This morning, on his way out the door, S told me that, in regards to ambition, i’m here (pointing high up) whereas normal people are here (pointing mid-body level). I’m not sure if that’s true – I mean, I’m not that ambitious – but I took it as a compliment. Ambition is a huge part of who I am, and I think it started in high school.

At age 15, I wrote in my journal, quoting the sage that is Belle from Beauty and the Beast, “I want much more than this provincial life.” At that time, I just wanted more exciting things to happen to me. As I grew, I realized that I could make exciting things happen, and I didn’t need to wait around for them. And that’s when things started changing.

  • I didn’t wait to find friends when I started college – I walked up to a girl in the food court and started talking to her. (We became good friends, and roommates the following year.)
  • I didn’t sit in my room when I wasn’t in class or hanging out with friends – I joined the circus, a film club, and got a job.
  • I didn’t know what I wanted to do in the English Literature field (which is what I was majoring in), so I got an internship at a literary journal, I freelance wrote for a local newspaper, and I started education classes.
  • After college, I jumped on it some more. I had a range of jobs, but didn’t let them be the end of me. If I didn’t like them, I found something to do on the side that would make me happy. I went out with friends. I continued to freelance. I ached for more because I knew more was out there.
  • And then I decided to pursue my master’s degree while working full time because – why not? And then I fell in love with library science and moved careers to pursue that (which, ultimately, was the perfect decision). And then I wrote a book while working full time, because I needed to. And i’m still doing that. I’m still working and writing and enjoying life with my husband and daughter.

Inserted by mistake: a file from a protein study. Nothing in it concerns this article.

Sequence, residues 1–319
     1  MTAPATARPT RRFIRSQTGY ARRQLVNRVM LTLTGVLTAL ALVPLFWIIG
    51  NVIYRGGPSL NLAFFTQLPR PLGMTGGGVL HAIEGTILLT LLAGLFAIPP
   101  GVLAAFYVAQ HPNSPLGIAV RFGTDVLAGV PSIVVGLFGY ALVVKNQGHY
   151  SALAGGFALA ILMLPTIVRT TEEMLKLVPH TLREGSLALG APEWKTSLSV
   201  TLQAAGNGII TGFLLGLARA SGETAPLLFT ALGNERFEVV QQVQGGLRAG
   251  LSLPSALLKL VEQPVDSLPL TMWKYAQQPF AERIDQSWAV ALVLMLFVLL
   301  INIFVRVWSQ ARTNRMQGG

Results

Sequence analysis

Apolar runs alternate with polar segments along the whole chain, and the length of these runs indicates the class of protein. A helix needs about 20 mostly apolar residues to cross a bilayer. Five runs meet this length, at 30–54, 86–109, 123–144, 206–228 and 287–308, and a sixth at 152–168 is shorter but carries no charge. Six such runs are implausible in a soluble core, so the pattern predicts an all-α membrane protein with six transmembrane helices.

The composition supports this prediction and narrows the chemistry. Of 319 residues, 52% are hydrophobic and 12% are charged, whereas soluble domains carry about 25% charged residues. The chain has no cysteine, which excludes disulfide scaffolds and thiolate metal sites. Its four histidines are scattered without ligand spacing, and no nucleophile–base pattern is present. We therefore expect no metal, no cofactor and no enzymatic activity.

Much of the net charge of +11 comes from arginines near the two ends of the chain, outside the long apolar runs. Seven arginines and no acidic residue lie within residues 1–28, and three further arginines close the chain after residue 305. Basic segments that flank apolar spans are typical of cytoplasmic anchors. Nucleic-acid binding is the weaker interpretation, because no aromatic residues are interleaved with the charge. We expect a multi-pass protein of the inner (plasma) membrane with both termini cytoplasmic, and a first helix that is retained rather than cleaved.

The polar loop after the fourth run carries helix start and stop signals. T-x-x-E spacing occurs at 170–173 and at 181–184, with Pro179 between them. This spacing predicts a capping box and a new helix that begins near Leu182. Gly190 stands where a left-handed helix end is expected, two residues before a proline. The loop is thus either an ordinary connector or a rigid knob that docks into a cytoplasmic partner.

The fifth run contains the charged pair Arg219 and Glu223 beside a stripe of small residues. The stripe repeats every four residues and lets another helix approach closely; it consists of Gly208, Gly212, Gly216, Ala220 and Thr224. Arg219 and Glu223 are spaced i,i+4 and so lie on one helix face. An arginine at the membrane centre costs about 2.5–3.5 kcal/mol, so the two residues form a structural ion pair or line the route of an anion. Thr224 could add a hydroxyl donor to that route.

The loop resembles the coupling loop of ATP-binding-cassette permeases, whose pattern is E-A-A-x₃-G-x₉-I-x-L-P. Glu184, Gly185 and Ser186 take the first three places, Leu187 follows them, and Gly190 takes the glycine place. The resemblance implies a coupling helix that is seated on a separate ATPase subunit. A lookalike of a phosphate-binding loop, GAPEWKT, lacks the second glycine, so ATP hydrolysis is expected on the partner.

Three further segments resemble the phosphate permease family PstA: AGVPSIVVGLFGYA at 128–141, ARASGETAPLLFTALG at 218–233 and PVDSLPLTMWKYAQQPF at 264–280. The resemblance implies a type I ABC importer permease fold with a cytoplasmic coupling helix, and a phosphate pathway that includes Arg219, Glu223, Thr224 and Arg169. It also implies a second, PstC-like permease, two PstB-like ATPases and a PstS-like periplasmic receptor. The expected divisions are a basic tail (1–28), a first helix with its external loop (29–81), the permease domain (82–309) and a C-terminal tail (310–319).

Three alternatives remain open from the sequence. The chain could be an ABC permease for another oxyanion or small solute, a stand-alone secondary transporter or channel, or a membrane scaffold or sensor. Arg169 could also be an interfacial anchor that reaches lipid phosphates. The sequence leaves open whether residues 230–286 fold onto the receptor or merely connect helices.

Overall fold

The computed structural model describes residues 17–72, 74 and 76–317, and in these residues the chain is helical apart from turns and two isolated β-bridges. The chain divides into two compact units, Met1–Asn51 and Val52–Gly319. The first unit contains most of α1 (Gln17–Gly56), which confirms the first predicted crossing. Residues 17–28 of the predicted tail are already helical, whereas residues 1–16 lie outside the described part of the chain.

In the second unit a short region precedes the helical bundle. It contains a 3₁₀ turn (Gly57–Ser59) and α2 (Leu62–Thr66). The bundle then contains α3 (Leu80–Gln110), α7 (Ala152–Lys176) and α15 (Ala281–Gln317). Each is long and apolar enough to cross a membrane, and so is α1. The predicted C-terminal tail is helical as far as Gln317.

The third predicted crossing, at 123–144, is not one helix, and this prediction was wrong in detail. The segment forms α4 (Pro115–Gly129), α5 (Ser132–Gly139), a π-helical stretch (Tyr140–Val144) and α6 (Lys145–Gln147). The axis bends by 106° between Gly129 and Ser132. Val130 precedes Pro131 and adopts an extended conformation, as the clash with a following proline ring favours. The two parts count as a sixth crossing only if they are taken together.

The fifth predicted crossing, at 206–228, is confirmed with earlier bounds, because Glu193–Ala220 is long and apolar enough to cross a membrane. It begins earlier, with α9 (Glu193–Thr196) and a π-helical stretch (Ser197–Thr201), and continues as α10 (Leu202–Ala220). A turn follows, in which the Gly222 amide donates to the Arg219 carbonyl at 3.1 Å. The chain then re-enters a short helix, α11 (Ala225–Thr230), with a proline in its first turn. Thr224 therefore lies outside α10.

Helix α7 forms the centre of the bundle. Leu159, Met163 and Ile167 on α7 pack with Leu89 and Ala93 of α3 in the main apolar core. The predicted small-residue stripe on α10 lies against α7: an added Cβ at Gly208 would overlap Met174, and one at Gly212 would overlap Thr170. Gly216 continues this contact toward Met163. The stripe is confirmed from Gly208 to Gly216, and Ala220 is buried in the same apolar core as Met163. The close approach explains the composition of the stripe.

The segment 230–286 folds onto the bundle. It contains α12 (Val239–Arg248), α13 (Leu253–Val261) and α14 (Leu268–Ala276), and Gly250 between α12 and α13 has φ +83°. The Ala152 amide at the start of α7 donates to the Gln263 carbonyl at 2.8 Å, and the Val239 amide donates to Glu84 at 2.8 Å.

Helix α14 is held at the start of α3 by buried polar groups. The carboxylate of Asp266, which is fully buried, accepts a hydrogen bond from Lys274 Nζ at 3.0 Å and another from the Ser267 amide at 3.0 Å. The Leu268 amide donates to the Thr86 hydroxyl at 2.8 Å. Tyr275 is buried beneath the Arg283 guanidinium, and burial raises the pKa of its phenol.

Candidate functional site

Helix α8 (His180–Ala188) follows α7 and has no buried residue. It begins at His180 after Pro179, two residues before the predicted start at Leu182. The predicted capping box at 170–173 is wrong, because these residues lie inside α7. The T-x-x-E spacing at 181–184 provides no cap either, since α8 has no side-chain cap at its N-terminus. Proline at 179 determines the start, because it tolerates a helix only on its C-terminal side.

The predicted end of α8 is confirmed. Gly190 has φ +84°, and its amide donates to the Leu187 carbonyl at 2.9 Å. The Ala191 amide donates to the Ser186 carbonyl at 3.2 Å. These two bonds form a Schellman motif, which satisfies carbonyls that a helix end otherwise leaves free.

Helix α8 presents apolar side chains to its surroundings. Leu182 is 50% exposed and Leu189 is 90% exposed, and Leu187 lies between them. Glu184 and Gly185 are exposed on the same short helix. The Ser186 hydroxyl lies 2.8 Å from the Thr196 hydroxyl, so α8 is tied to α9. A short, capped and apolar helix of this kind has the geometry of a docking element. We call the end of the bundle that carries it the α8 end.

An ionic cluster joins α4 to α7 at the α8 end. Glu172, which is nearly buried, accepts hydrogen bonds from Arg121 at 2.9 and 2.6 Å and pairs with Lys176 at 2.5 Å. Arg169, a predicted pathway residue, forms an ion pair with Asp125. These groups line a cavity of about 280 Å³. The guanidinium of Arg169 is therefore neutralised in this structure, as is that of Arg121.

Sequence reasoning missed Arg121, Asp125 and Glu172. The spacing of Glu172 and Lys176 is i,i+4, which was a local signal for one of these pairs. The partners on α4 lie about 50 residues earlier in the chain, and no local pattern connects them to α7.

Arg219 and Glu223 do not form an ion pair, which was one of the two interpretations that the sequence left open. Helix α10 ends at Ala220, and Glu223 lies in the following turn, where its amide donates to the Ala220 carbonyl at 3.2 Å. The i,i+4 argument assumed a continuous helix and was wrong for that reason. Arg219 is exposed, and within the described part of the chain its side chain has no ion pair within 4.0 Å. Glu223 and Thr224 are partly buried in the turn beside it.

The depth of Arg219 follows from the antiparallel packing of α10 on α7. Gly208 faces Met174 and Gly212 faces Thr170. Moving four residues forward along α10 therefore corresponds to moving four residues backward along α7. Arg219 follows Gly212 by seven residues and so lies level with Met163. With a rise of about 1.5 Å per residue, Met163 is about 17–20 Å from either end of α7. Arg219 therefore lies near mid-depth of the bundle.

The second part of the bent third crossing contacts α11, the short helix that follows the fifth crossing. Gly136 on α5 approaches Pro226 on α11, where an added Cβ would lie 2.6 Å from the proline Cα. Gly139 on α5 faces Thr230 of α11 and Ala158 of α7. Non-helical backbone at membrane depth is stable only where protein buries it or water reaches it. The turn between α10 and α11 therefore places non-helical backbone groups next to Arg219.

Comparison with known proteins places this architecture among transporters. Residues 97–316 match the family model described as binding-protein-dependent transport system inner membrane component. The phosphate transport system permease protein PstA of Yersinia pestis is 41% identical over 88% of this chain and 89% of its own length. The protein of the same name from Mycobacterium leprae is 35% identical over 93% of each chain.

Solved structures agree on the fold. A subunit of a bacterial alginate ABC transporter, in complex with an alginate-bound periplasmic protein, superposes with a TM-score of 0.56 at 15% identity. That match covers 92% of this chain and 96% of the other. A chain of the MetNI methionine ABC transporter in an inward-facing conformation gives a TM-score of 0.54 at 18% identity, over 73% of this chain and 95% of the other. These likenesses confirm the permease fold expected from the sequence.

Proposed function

The thing is, everyone has ambition, you just need to tap into it. You just need to accept more. And if things don’t work out? Who cares, you tried. Try again.

The thing is, I still don’t want a provincial life. I want an extraordinary one.

When George Mallory was asked by the New York Times why he wanted to climb Mount Everest, he famously answered “Because it’s there.” So why do I want to accomplish so much? Because I can.

My Writing Process

YA writer Valerie Cole tagged me for the My Writing Process blog hop. She’s great, so visit her blog, or follow her on Twitter.

1) What am I working on?
A few things! Publishing is a lengthy process, so TNWSY is still in editorial stages. I should be starting copyedits within the next few months, so that’s exciting. Aside from that, I’m editing two manuscripts with my agent right now, in hopes of one of them being my follow-up book. She always finds things to pull out and elaborate on to create a much fuller manuscript, so i’m always eager to hear her thoughts.

2) How does my work differ from others of its genre?
I write contemporary YA, and there’s a lot of contemporary YA out there. I like to focus on friendships, romance, and family, and how the three intersect and inform one another. I love writing strong, do-anything-for friendships, because those are what were most important to me in high school. And I like to show how they evolve over time, just as the friends themselves grow and change. And though the bonds may be different, they’re essential in a different way.

3) Why do I write what I do?
I wrote about why I write YA here! And why I write about relationships here! Check it out!

4) How does my writing process work?
First comes the idea. It’s usually a flicker, a scene or location or a character. Then I think about it for a while to figure out if it’s something I’d like to, or even can, attempt. And then I try. At first there’s not a lot of plotting (and sometimes there’s none at all), but the scenes come to come and I write them as I see them. Sometimes I jump around. Sometimes I write it in order. It honestly depends on the story, on my thought process. And sometimes, when everything is right, it’s magically finished.

So that’s my story. I was going to tag people, but I think most writers have done this already. And if not…you’re tagged! (I’m clearly not good at these blog hop.)